By Christa Pongratz-Lippitt
Tutzing, March 19, 2019: The leader of one of Germany’s most important women religious communities has questioned the Catholic Church’s exclusion of women from the ordained priesthood.
“It is surely only natural for women to be priests and I cannot understand the reasons given as to why not,” said Sister Ruth Schönenberger, head of the Benedictine Priory of Tutzing, the Bavarian motherhouse of a worldwide missionary order.
“I am surprised that the presence of Christ has been reduced to the male sex,” she said in a recent interview with katholisch.de, the official website of the German Catholic Church.
“Here in Tutzing, we, too, have excellently qualified women theologians. The only thing they lack is ordination – nothing else,” said 68-year-old Schönenberger, prioress of Tutzing since 2015.
The priory is one of the most important in the Benedictine world. In 1885 it founded the Missionary Benedictine Sisters of Tutzing, a congregation that today numbers some 1,300 sisters in 19 countries around the world.
Sister Schönenberger, who is responsible for the 70 members at the Tutzing priory and those at two other Benedictine convents, said the criteria for priesthood should not be based on one’s gender.
“Our present image/concept of the priesthood urgently needs to be fundamentally revised and I am genuinely surprised that priests themselves don’t protest more against present developments since they involve them,” said the prioress, noting that men and women should be treated as equals.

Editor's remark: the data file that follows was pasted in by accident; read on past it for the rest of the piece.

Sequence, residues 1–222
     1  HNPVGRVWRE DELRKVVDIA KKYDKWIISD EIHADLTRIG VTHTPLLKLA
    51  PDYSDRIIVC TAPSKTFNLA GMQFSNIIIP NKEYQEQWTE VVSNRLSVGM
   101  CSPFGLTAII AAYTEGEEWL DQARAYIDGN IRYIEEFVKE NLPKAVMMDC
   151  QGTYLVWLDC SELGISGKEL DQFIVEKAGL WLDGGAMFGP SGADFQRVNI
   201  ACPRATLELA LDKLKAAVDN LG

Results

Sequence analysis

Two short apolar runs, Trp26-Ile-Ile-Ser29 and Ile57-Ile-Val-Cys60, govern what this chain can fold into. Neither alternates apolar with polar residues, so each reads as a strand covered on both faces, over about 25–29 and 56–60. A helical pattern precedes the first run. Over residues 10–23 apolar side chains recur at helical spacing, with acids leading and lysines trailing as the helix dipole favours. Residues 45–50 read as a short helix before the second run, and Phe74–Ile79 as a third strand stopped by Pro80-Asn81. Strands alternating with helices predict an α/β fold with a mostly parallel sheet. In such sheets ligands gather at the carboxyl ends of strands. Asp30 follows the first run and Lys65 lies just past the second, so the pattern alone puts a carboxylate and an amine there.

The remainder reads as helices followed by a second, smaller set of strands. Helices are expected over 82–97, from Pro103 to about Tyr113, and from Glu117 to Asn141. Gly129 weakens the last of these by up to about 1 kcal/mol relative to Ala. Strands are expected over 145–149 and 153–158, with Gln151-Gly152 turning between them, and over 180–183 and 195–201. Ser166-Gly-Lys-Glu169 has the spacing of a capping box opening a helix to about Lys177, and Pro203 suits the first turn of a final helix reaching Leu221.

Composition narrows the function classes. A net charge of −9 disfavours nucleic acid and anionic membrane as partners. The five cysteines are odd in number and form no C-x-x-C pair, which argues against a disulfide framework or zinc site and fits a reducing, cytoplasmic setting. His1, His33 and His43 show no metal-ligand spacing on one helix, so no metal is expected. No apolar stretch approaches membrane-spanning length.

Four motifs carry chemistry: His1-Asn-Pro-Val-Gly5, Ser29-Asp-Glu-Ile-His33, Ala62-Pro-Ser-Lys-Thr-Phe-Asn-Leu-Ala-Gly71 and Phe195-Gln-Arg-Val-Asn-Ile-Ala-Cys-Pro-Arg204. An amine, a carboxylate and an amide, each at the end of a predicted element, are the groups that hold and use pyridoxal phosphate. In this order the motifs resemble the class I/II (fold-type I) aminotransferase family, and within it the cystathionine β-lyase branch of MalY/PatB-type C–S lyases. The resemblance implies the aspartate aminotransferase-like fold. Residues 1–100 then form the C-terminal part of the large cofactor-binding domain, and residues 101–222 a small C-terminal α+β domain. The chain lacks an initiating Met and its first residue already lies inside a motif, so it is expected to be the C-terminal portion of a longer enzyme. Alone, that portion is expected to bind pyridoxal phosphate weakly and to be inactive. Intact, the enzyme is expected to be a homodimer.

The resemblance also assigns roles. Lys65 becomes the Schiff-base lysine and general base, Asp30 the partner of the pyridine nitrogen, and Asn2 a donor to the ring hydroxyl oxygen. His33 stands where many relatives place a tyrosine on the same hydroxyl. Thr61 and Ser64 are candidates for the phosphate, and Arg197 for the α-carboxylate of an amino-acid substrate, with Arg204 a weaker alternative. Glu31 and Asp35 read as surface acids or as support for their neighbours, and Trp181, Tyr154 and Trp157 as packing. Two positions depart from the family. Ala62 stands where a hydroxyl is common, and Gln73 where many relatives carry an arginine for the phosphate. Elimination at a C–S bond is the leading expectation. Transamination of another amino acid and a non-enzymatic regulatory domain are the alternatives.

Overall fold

“The extent to which this power imbalance exists the world over is truly alarming and so is the fact that we have not learned to grapple with it more effectively. It is something we must rigorously tackle,” Schönenberger said.
She called for greater and open discussion on the issue to look for concrete steps that could be taken to remedy the imbalance “and not just comfort us women somehow – as, for example, by promising to look into the question of women deacons.”
“After all, we experience concrete examples of subordination day after day. If we, as a group of women religious, want to celebrate the Eucharist together, we have to arrange for a man to come and celebrate it, every single day. He stands at the altar and leads the celebration. We are not allowed to,” the Tutzing prioress said.
“We intend to look for forms (of celebrating the Eucharist) which suit us and develop new ones,” she added.
She said she and her community fully supported the prayer initiative for gender equality in the Church that was launched in February by Sister Irene Gassman, prioress of the Benedictine Monastery of Fahr (Switzerland).
The Swiss religious has invited Benedictine communities around the globe — as well as parishes and other communities — to include the “Prayer on Thursday” during compline (or night prayer) each week.
Sister Schönenberger said prayer alone was not enough, but added: “Why shouldn’t we pray for gender equality in the Church? It is most important that all discussions on reform be offered up to God.”